The perfect formula to improve performance.
Coaches who are passionate about training can find themselves laboring for hours trying to find “it:” the perfect combination of movements, sets, reps, and percentages that will make up this “perfect formula” and lead their client or athlete to success. Respect for the science behind training and a zealous attitude about what we’ve seen work in our experience can lead us to dig our heels into the ground regarding training variables. Once we’ve found a formula that proves successful, it can be easy for us to try and take every client or athlete we find and smash them into the box that is our communication style and training program, with no room for adjustment of that box.
On the positive side of this, in the case of many successful gyms and coaches (particularly in unique cultures), that lack of flexibility can help take a large volume of athletes and funnel that group down to a few select athletes who fit the coaches’ style and skills. For the vast majority of coaches, however, we aren’t trying to whittle down a group of lifters to one or two who are identical to us in every way. We’re trying to take a diverse group of individuals and find the best ways to capitalize on each of their strengths and address their individual weaknesses. Particularly in smaller groups (whether that be small group training, a powerlifting training crew, or individual training), coaches need to know how to communicate with and coach each individual in a way that will be most effective.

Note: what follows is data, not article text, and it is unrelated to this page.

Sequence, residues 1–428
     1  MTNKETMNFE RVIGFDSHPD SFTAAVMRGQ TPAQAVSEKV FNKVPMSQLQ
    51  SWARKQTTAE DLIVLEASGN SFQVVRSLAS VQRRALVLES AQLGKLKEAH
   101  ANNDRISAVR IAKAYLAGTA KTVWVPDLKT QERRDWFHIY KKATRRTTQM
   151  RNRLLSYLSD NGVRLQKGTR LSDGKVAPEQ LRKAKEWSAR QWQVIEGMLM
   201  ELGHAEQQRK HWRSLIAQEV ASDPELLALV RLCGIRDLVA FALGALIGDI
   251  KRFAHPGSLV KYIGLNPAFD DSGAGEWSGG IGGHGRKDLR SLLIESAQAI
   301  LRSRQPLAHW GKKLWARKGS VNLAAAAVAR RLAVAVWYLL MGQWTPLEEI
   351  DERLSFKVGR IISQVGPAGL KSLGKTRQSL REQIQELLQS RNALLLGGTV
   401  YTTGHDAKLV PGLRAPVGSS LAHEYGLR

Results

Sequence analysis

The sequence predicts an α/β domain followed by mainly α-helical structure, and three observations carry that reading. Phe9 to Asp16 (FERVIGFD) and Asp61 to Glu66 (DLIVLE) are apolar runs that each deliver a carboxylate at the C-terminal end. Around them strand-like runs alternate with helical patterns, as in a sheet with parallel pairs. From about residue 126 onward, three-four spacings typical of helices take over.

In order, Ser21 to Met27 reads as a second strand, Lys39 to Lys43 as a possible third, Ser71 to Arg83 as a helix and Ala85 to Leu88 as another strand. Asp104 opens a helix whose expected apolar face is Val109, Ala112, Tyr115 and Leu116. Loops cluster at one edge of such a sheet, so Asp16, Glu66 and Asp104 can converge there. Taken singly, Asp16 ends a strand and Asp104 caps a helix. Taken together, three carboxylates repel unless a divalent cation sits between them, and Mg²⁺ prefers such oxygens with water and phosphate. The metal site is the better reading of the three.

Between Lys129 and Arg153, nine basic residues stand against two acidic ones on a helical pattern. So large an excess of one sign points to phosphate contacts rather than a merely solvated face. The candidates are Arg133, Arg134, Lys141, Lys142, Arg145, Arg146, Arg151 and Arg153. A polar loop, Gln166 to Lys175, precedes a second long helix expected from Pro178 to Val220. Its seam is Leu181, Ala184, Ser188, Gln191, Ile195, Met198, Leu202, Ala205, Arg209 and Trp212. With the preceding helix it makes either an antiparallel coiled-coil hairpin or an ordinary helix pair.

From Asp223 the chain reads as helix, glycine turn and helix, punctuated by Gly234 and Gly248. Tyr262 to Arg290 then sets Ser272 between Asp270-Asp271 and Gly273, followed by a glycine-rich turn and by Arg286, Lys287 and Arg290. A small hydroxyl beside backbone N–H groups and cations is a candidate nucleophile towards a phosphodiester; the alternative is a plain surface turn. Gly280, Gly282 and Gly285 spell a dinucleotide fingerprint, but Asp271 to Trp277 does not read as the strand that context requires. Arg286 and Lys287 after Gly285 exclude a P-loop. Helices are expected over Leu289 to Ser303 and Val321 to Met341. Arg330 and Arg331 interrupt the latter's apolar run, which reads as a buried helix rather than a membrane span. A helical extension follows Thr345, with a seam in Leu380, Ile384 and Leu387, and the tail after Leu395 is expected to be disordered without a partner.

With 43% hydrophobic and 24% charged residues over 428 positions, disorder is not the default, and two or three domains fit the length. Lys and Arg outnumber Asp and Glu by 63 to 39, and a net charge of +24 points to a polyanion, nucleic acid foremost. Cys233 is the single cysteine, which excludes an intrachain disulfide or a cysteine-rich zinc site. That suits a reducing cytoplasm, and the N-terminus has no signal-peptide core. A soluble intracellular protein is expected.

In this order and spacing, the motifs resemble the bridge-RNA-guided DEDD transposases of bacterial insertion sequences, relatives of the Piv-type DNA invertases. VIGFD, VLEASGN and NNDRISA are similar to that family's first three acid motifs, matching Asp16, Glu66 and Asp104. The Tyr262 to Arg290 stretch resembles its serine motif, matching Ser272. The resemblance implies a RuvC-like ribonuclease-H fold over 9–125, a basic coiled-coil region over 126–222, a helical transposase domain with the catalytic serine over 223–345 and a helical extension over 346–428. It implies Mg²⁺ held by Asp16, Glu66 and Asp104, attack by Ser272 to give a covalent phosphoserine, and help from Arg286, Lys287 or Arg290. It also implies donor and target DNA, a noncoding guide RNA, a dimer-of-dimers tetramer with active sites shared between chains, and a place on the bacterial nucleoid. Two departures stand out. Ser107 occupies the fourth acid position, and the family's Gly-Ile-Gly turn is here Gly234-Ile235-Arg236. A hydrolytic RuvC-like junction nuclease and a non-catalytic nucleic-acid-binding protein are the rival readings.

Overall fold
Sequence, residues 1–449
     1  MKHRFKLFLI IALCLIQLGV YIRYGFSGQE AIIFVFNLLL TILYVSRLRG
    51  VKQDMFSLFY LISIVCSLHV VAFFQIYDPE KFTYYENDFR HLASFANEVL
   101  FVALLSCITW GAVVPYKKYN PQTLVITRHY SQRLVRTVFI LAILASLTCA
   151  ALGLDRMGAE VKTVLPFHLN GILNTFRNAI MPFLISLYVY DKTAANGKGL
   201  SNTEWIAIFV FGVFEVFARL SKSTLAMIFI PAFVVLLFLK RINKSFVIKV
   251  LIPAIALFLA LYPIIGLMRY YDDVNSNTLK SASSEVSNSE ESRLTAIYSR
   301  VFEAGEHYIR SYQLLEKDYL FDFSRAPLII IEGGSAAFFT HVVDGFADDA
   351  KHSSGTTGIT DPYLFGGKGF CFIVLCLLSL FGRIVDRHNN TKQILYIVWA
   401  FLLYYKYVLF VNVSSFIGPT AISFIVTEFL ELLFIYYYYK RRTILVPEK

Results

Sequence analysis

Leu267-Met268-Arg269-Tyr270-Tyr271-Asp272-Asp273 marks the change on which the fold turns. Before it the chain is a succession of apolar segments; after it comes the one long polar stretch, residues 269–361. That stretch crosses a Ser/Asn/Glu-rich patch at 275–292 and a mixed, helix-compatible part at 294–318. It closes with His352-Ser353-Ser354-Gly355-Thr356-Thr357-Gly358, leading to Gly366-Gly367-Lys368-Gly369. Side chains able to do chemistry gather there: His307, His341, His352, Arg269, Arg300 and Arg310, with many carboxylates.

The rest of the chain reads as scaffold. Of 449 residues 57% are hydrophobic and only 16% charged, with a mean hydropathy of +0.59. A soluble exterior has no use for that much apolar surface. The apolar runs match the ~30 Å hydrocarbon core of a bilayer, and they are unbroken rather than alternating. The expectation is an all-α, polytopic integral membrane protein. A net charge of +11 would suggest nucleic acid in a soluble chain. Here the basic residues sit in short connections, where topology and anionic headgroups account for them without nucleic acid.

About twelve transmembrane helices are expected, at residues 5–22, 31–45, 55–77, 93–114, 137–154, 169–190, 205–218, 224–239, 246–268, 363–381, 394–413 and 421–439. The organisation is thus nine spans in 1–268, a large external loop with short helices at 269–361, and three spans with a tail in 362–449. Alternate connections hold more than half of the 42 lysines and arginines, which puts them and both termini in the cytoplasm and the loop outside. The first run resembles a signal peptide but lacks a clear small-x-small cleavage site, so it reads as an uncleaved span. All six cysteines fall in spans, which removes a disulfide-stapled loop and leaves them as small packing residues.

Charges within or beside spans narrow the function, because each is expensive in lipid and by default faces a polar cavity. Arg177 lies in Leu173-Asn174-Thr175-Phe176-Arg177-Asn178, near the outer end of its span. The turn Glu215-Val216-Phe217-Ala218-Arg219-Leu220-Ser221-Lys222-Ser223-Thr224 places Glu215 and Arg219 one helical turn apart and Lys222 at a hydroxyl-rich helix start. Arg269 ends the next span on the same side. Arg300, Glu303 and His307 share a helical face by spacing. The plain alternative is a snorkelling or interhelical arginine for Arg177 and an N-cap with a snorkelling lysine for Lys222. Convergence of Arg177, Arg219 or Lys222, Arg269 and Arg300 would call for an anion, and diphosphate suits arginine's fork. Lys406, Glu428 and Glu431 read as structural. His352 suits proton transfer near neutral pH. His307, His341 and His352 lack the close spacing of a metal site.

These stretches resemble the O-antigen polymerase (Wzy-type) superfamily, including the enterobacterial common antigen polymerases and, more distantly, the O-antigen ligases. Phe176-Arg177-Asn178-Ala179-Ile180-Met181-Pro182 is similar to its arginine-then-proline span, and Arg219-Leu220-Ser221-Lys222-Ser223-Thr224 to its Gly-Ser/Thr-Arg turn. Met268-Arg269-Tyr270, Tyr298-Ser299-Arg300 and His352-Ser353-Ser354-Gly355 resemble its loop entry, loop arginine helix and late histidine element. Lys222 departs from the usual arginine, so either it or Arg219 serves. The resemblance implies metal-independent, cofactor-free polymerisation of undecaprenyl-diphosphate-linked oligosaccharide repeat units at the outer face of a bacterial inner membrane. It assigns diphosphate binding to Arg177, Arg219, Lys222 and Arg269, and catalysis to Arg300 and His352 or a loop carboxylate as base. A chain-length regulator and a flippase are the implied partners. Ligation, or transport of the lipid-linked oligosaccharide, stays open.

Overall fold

The philosophy and core values of a coach will (and should) remain consistent across all athletes/clients, but how that philosophy translates into the exact program, communication of that program, and approach for feedback can all be tweaked to the personality type of the individual. The degree of variation becomes more difficult with the larger group you work with, but with individual athletes/clients, coaches should be able to adjust their approach to maximize the potential of that individual.
This has become more clear to me as I spent more time working with lifters and athletes, as well as even how I approach working with staff. It truly moved to the forefront of my mind, however, when I began doing Health Coaching for Mental Health Counseling clients as part of a collaborative program on our college campus with Counseling and Psychological Services.
When studying for my health coach certification, much of the content revolved around psychology and behavior change. As I studied the material and ultimately began using it with a very diverse group of clients on campus, it really drove home to me the importance of identifying the personality and background of the person you’re working with and molding your communication (and even content) toward what will be most effective for that individual.
As I began working to better identify and mold individual programs more, I also saw this positively benefit my work with strength athletes and even the way I supervise my staff at work.